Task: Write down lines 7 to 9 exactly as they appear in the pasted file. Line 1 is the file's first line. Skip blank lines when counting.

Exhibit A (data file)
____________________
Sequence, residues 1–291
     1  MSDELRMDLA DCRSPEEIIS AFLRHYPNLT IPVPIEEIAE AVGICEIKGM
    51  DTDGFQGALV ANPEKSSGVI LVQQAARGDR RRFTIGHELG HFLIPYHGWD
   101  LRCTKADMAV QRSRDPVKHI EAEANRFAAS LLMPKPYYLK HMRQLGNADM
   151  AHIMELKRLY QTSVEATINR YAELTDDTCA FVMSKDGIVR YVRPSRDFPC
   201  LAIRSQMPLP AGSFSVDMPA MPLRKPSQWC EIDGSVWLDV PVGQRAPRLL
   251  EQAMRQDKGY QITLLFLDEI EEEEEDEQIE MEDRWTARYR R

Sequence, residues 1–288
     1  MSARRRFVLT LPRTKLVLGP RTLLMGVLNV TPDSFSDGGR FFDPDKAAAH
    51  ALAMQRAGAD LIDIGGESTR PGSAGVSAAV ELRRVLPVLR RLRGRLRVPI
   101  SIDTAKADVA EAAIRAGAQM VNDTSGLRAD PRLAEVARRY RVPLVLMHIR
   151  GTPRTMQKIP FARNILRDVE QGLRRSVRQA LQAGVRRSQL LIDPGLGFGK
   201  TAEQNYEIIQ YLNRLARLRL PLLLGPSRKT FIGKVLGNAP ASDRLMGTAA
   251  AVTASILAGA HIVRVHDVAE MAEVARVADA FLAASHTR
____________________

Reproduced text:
   251  EQAMRQDKGY QITLLFLDEI EEEEEDEQIE MEDRWTARYR R

Sequence, residues 1–288
     1  MSARRRFVLT LPRTKLVLGP RTLLMGVLNV TPDSFSDGGR FFDPDKAAAH